7 Things You Can Do Right Now to Help Save the Amazon Rainforest

Victor Moriyama/Getty Images
Victor Moriyama/Getty Images

You’ve likely heard at least one alarming news report about how Brazil’s Amazon rainforest is burning at a catastrophic rate. As emotionally devastating as it may be to see the lush, beautiful landscape ablaze, it also poses a threat to the future of Earth overall. As CNN reports, the Amazon rainforest—the largest in the world—has been called the planet’s lungs because it generates about 20 percent of the oxygen in the atmosphere.

If the situation continues to worsen, the Amazon could transform into a dry savannah, driving away forest wildlife and annihilating the vegetation on which our planet relies so heavily for oxygen. In that case, the Amazon might even begin to emit carbon—the main culprit behind global warming.

As normal people with standard garden hoses thousands of miles away from the fires, it can be frustrating to feel like there’s nothing we can do. But there are still plenty of ways you can help save the rainforest—check out some ideas below, suggested by Fast Company.

1. Protect an acre of the rainforest by donating to the Rainforest Action Network.

The Rainforest Action Network works with grassroots organizations and forest communities to help establish sustainable environmental practices and combat destructive industrial activities throughout the rainforest. The lowest suggested donation to protect an acre is $25, but there’s also an option to enter a custom amount if you want to donate more or less.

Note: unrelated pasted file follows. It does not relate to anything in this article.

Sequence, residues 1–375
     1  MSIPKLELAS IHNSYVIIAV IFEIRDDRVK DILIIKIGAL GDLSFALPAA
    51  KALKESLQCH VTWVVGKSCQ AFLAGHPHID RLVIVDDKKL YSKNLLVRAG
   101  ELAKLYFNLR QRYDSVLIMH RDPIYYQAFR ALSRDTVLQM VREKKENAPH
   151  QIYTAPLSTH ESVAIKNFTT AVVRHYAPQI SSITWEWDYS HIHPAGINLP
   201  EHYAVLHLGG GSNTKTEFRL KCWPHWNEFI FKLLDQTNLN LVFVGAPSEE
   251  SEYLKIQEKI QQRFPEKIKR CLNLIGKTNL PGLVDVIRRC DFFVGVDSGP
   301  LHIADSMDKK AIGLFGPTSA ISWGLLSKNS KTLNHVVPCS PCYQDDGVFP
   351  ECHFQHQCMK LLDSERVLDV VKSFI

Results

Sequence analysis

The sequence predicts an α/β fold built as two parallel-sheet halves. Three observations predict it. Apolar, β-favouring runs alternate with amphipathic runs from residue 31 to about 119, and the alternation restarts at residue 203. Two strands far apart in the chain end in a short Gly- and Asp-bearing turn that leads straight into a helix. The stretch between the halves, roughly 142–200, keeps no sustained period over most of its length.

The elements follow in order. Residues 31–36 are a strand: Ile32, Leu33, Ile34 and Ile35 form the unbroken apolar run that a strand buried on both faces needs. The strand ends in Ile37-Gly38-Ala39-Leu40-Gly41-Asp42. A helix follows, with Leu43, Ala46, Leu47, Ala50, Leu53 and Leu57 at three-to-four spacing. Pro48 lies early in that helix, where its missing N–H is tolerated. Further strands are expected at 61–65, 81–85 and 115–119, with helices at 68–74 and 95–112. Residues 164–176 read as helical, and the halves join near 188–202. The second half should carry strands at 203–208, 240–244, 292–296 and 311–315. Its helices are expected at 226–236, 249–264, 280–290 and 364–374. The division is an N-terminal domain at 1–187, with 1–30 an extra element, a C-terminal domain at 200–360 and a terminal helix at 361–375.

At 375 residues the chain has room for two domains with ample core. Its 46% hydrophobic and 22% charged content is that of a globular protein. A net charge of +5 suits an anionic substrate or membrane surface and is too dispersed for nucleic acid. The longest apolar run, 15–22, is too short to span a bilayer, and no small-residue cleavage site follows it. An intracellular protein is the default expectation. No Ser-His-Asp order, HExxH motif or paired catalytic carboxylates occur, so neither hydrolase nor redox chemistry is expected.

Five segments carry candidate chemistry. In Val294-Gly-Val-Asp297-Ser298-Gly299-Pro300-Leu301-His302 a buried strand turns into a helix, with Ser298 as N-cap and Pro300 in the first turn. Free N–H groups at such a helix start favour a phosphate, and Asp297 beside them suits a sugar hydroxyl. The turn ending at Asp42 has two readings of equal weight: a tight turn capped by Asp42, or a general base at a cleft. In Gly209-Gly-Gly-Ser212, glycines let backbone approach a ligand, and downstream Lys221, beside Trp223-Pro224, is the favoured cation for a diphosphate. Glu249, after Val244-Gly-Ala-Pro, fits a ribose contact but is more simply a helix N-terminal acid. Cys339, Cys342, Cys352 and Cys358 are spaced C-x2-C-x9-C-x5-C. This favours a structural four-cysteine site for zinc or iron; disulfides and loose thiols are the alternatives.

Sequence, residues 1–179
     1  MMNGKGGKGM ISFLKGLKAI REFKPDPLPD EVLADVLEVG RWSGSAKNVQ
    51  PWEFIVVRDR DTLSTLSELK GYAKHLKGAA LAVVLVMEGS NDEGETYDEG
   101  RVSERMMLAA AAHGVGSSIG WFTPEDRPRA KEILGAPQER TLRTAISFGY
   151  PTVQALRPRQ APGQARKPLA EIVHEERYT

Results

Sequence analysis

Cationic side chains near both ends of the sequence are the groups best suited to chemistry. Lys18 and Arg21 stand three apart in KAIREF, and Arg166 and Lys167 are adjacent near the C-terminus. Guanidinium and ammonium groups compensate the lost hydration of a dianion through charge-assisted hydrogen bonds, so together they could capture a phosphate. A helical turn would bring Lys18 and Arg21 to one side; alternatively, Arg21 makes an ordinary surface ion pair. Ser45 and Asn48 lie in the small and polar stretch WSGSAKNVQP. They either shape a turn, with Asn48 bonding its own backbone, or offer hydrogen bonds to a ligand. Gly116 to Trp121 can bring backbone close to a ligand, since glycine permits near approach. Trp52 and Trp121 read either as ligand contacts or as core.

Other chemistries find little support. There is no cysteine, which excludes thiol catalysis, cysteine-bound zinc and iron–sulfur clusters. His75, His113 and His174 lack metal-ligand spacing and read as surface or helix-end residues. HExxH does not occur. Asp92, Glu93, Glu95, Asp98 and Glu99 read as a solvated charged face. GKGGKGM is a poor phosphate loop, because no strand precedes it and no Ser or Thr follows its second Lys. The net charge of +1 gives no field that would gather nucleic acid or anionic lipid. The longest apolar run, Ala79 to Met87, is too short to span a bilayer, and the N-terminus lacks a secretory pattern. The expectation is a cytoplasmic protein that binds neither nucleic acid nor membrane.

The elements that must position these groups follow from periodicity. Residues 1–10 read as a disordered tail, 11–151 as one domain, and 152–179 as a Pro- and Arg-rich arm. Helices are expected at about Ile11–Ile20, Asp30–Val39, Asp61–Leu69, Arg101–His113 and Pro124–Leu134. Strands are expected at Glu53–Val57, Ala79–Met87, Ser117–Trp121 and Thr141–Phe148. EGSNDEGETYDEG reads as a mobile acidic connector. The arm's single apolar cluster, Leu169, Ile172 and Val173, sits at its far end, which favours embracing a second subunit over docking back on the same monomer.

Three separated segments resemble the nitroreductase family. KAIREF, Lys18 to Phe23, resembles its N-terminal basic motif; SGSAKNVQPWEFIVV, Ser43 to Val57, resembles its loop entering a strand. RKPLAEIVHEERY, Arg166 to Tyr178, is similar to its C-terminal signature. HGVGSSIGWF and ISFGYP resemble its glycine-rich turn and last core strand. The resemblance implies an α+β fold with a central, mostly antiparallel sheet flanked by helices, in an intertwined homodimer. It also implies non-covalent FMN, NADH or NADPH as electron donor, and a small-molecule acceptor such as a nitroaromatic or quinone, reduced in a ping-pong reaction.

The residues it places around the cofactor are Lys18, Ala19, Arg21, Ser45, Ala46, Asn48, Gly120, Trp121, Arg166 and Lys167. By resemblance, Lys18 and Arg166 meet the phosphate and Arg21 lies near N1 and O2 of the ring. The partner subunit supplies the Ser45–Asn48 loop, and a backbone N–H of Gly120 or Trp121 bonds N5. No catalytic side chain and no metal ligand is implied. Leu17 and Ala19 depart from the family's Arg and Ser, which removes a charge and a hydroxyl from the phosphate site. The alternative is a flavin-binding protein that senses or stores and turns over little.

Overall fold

2. Help buy land in the rainforest by donating to the Rainforest Trust.

The Rainforest Trust purchases sections of rainforests all over the world and then partners with conservationists on projects to preserve specific habitats, communities, and species. Among other things, they’re currently fundraising to save indigenous lands in the Peruvian Amazon rainforest—you can donate here.

3. Find sustainable rainforest products through the Rainforest Alliance.

The Rainforest Alliance’s cute green frog symbol denotes that certain forest and farm products sourced from rainforests are environmentally, socially, and economically sustainable. You can search here to find out what’s Rainforest Alliance Certified. You can also donate to their Brazilian Amazon conservation fund here.

4. “Adopt” a sloth from the World Wildlife Fund.

Sloths are one of the many animals threatened by deforestation and other habitat loss at the hands of humans in the Amazon rainforest. With your symbolic adoption, you can help the World Wildlife Fund cut down on industrialization and restore conditions that allow for sloths and other species to flourish and contribute to a healthy, oxygen-generating ecosystem.

5. Sign the Greenpeace petition to urge the Brazilian government to protect the rainforest.

Brazil's president Jair Bolsonaro has faced backlash for championing industry over preservation in the Amazon rainforest, a strategy that many believe has exacerbated the conditions that have created the forest fires. If you’d like to add your name to the list of those who want the Brazilian government to do more to protect the rainforest, you can sign the Greenpeace petition here.

6. Support indigenous communities by donating to Amazon Watch.